Business school prerequisites can differ based on geographic location and a variety of other factors. Ideally, you should first decide what type of business degree to pursue, and whether it will be in person or online. While each institution has its own admissions policies, business school prerequisites in the U.S. typically include completion of high school and an undergraduate degree or some related educational training, passing the Graduate Management Admission Test (GMAT®) or other entrance exam, and having relevant work experience and extracurricular activities. When you submit an application for business school admission, you typically submit paperwork documenting your experience, often followed up with a personal interview.
While there are a number of graduate degrees available in business, perhaps the best known is the master's degree in business administration (MBA). Many aspiring business school students pursue undergraduate degrees in fields such as accounting or finance. Some business school prerequisites, however, do not mandate an undergraduate degree in business, and many schools accept students with diverse academic backgrounds. Often, having relevant post-degree work experience is a more important prerequisite for applying to business school than one's undergraduate major.
Testing requirements vary by country, but in the U.S., for example, most business school prerequisites include passing the GMAT®. Some business schools have their own admissions tests in addition to, or instead of, this test. Non-U.S. students might have to take the Test of English as a Foreign Language (TOEFL®), and some schools require the Graduate Record Examination (GRE®); these two requirements are typically in place of the GMAT®. Test preparation is available via tutors or self-study, in order to help you achieve the school's required minimum scores.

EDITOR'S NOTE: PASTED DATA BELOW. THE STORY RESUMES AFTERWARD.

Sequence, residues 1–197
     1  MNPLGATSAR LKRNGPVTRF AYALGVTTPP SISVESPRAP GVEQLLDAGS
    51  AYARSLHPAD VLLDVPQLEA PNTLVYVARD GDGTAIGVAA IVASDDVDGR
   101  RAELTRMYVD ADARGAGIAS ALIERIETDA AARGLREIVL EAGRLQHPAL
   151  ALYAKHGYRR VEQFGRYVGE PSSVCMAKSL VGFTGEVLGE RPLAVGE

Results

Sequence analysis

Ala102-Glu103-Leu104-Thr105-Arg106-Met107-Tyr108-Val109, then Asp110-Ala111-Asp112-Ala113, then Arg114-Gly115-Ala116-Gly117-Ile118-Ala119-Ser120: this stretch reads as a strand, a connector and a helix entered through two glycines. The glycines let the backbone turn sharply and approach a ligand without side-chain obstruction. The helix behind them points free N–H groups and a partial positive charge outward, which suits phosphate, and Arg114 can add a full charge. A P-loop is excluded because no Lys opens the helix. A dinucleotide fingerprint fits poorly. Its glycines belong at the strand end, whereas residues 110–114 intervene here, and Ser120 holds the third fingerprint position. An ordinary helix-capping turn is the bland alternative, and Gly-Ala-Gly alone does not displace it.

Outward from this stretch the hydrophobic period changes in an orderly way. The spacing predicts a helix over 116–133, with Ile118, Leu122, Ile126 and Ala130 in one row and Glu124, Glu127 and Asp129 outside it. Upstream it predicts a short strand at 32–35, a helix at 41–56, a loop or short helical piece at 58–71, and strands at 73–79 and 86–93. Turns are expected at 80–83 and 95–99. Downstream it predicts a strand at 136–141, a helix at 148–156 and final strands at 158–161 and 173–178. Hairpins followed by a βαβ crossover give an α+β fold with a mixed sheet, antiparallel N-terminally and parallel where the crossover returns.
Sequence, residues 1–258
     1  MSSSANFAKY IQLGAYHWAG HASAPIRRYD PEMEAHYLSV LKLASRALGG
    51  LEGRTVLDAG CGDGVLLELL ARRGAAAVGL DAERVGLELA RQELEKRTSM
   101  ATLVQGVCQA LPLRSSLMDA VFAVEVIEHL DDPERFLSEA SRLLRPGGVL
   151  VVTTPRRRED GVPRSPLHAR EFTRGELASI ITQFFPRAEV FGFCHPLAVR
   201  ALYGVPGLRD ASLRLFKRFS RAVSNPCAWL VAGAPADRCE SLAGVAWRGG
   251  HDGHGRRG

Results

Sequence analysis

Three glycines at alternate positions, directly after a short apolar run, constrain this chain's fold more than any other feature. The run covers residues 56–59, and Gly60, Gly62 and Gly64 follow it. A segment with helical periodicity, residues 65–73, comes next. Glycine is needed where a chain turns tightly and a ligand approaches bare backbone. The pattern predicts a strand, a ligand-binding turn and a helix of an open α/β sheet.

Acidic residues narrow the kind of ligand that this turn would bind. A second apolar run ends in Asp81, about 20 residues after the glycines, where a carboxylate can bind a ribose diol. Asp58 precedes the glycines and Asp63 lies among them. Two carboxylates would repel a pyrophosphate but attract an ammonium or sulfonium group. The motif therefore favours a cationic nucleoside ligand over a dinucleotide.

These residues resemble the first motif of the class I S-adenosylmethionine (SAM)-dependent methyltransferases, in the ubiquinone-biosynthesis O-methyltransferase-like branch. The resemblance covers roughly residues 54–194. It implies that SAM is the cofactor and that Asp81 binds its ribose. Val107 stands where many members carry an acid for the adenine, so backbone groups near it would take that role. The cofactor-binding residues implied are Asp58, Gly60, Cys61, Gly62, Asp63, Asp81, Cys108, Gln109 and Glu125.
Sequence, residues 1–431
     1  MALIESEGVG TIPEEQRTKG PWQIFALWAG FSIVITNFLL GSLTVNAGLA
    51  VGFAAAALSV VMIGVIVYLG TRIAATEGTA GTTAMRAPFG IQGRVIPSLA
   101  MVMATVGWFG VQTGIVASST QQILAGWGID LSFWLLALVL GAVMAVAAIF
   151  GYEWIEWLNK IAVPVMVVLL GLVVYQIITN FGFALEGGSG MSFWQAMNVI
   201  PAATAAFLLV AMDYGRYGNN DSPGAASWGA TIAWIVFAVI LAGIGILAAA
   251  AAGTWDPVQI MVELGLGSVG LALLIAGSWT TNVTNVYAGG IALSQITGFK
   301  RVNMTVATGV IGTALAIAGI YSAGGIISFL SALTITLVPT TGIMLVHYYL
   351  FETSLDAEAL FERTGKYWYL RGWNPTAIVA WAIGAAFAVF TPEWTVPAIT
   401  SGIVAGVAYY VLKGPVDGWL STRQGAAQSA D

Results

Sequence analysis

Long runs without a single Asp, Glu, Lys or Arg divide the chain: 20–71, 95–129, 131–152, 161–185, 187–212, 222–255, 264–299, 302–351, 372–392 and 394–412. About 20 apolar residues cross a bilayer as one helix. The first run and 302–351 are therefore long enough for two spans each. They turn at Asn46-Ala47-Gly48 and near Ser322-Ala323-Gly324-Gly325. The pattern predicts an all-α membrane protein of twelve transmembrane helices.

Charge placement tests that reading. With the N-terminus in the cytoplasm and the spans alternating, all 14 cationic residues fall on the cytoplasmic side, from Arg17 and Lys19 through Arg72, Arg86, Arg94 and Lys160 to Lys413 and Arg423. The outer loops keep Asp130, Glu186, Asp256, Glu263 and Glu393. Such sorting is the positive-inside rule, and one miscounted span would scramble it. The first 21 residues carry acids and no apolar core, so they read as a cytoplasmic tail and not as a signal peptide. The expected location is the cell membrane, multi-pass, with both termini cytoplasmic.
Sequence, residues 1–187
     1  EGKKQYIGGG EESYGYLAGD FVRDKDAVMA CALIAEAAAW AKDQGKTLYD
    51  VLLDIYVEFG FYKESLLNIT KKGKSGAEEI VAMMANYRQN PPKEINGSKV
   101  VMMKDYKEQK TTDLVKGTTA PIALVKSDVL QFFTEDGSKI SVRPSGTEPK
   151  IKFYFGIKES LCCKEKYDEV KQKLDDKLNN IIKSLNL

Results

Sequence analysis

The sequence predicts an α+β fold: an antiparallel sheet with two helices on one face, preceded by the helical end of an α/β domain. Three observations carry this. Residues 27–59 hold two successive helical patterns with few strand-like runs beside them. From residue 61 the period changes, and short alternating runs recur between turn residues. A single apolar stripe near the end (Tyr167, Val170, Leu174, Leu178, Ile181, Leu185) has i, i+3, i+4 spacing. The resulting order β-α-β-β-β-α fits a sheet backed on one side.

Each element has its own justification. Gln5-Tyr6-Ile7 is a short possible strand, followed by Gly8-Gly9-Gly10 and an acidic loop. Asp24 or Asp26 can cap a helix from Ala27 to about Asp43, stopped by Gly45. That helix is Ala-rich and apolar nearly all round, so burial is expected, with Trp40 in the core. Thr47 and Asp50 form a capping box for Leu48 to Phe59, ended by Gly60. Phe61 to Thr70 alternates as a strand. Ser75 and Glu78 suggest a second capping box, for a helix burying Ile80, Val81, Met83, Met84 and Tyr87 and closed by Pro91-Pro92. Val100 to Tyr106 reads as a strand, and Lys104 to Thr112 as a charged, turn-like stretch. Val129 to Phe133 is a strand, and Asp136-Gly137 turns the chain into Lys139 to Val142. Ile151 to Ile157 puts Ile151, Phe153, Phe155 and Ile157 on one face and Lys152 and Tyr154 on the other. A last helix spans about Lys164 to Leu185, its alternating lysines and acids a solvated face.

A formal business school application usually consists of the following components: undergraduate transcripts, relevant exam scores, and letters of recommendation, whether academic or professional. Additional examples of business school prerequisites often include a personal essay and a current resume. In addition to work experience, extracurricular activities are also valuable. Most schools like to see evidence of a well-rounded individual with a variety of interests and talents.
An interview is another of the business school prerequisites you are likely to encounter. It is usually helpful to know not only your own reasons for wanting to attend business school, based on your personal goals, but also to be familiar with the school and to know how it is a good fit for you. The admissions committee will want to know what makes you unique, and what you can personally contribute to the program. Certain business school prerequisites might depend on the applicant's level of experience. For instance, someone applying for entry right out of an undergraduate program usually has different admission prerequisites than a seasoned professional applying to a weekend executive program.